Thread: Advice on Accelerated C++ problem 4.2

  1. #1
    Registered User
    Join Date
    Dec 2015
    Posts
    112

    Advice on Accelerated C++ problem 4.2

    I'm starting to practice using C++, and have read some info on using C++11 and am trying to use it a little bit.

    I tried to follow the intent of the problem and did not use pow from <cmath>.

    I plan on learning how to use template, and will turn the double number into a template to tackle other data types for problem 4.3.

    I was hoping to make sure i'm using uniform intialization correctly, using the right data type for setw and if my template idea would work.

    Code:
    // IntDoubling.cpp : Defines the entry point for the console application.//
    
    
    #include "stdafx.h"
    #include <iostream>
    #include <iomanip>
    
    
    using std::cout;
    using std::setw;
    
    
    int DoubleNumber(int numToDouble);
    int GetNumWidth(int numToCount, int base = 10);
    
    
    int DoubleNumber(int numToDouble) 
    {
        return numToDouble * numToDouble;
    }
    
    
    int GetNumWidth(int numToCount, int base)
    {
        int number_of_digits{ 0 };
    
    
        do {
            ++number_of_digits;
            numToCount /= base;
        } while (numToCount);
    
    
        return number_of_digits;
    }
    
    
    int main()
    {
        int maxNum{ 100 };
    
    
        // get width of max num
        int maxNumW{ GetNumWidth(maxNum) };
    
    
        // get width of max num ^ 2
        int maxNumDubW{ GetNumWidth(DoubleNumber(maxNum)) };
    
    
        for (int i = 0; i <= maxNum; ++i)
        {
            cout << "Num: " << setw(maxNumW) << i << " doubled is " << 
                setw(maxNumDubW) << DoubleNumber(i) << std::endl;
        }
    
    
        return 0;
    }

  2. #2
    Informer -Adrian's Avatar
    Join Date
    Jan 2013
    Posts
    830
    The uniform initialization syntax is correct, though you'll find it's used far less often than plain assignment in the context you've given. setw looks to take an int, but you don't need anyone to tell you that. Your question regarding templates is vague – who knows what you may have in mind! If you read the basics on function templates (likely the first thing you'll read on the topic), you can probably answer this yourself early on.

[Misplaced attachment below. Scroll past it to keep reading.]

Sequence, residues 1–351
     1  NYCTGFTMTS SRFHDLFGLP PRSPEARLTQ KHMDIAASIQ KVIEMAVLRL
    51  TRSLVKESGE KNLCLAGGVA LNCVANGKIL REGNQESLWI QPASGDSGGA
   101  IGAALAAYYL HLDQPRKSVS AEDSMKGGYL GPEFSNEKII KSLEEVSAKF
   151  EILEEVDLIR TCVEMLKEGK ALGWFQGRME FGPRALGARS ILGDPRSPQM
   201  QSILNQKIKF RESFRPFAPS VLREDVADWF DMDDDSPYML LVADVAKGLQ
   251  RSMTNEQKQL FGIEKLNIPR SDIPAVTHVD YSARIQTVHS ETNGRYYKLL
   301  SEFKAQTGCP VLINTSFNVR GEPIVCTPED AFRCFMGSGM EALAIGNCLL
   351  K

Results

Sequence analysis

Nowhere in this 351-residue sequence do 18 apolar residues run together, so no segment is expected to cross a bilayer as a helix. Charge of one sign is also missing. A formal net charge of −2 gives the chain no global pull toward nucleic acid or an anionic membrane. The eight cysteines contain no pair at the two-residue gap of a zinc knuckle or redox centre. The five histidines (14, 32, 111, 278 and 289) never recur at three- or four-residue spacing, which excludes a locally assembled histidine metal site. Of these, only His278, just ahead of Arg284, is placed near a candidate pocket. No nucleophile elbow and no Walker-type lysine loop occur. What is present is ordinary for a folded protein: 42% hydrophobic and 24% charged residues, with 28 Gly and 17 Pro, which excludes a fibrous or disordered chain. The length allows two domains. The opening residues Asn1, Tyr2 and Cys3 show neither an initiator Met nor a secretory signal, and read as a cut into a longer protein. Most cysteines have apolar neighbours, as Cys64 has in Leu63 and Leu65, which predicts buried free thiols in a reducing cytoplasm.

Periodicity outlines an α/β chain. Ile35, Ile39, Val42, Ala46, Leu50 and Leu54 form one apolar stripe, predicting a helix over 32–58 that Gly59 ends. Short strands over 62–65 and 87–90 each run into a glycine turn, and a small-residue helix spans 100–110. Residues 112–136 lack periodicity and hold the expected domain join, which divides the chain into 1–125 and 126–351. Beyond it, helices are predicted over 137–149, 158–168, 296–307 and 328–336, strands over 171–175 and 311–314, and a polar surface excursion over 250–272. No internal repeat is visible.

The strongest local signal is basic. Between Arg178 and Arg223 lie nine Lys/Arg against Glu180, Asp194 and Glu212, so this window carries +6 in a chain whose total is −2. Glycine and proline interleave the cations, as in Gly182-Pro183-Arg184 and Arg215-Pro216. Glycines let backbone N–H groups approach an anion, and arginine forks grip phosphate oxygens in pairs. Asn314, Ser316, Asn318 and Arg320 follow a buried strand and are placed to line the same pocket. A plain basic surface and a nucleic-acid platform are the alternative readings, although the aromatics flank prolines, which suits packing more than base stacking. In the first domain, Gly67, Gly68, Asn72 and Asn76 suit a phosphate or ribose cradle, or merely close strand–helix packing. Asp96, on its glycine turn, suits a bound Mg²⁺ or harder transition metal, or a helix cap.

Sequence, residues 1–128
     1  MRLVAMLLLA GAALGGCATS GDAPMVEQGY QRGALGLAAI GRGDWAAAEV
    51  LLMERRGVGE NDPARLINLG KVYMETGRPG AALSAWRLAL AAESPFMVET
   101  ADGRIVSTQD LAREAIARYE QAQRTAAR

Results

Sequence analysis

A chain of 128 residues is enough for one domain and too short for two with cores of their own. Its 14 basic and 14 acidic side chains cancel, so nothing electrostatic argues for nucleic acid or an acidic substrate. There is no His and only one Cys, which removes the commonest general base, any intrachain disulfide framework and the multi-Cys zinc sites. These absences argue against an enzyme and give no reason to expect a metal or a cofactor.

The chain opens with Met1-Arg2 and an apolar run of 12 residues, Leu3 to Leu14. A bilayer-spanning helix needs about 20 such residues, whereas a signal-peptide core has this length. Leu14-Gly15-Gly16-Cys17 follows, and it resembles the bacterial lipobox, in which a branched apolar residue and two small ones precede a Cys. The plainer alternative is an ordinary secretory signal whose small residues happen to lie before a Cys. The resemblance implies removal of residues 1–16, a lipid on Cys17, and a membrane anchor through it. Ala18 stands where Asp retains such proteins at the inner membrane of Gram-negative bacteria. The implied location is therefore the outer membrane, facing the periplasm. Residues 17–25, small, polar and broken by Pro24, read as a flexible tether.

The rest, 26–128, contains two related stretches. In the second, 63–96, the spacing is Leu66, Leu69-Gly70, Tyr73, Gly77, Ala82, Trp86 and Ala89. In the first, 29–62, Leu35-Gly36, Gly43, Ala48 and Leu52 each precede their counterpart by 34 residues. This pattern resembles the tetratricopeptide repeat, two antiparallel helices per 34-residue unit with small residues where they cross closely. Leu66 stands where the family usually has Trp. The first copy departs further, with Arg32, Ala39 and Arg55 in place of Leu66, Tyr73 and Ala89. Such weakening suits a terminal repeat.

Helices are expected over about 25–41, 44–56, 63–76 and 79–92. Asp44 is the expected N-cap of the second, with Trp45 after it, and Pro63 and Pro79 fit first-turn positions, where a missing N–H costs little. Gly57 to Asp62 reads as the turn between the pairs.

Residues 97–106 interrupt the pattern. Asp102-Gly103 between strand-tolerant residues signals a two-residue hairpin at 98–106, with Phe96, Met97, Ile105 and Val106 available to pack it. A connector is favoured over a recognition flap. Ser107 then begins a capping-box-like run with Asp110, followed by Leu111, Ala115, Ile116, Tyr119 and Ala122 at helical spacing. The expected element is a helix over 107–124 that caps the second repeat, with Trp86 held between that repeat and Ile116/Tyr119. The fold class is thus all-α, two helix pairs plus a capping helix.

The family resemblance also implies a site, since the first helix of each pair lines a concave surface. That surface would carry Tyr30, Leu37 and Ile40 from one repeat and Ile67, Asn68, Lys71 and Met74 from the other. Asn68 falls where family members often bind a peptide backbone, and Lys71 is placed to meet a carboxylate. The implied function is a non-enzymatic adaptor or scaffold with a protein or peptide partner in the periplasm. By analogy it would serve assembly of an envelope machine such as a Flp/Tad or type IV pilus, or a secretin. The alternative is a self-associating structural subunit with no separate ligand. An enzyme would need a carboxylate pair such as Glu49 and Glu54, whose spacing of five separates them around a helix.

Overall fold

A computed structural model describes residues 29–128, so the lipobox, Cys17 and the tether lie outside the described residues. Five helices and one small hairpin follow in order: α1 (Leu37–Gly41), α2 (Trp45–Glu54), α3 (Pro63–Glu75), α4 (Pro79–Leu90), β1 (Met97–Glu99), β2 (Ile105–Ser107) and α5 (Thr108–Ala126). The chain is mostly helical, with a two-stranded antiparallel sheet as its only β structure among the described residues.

You might wanna rename that DoubleNumber function, as it squares the value.
    Last edited by -Adrian; 07-26-2016 at 03:17 AM.

  3. #3
    Registered User
    Join Date
    Dec 2015
    Posts
    112
    I added in using a template for SquareNumber. Coming from using mainly c for years, I'm finding this to be so cool.

    Code:
    // IntDoubling.cpp : Defines the entry point for the console application.//
    
    
    #include "stdafx.h"
    #include <iostream>
    #include <iomanip>
    
    
    using std::cout;
    using std::setw;
    
    
    template <typename T>
    T const& SquareNumber(T const& a);
    int GetNumWidth(int numToCount, int base = 10);
    
    
    template <typename T>
    T const& SquareNumber(T const& a)
    {
        return a * a;
    }
    
    
    int GetNumWidth(int numToCount, int base)
    {
        int number_of_digits{ 0 };
    
    
        do {
            ++number_of_digits;
            numToCount /= base;
        } while (numToCount);
    
    
        return number_of_digits;
    }
    
    
    int main()
    {
        int maxNum{ 100 };
    
    
        // get width of max num
        int maxNumW{ GetNumWidth(maxNum) };
    
    
        // get width of max num ^ 2
        int maxNumDubW{ GetNumWidth(SquareNumber(maxNum)) };
    
    
        for(int i = 0; i <= maxNum; ++i)
        {
            cout << "Int Num: " << setw(maxNumW) << i << " doubled is " << 
                setw(maxNumDubW) << SquareNumber(i) << std::endl;
        }
    
    
        for (int i = 0; i <= maxNum; ++i)
        {
            double y{ i * 1.0 };
            cout << "Double Num: " << setw(maxNumW) << y << " doubled is " <<
                setw(maxNumDubW) << SquareNumber(y) << std::endl;
        }    
    
    
        return 0;
    }

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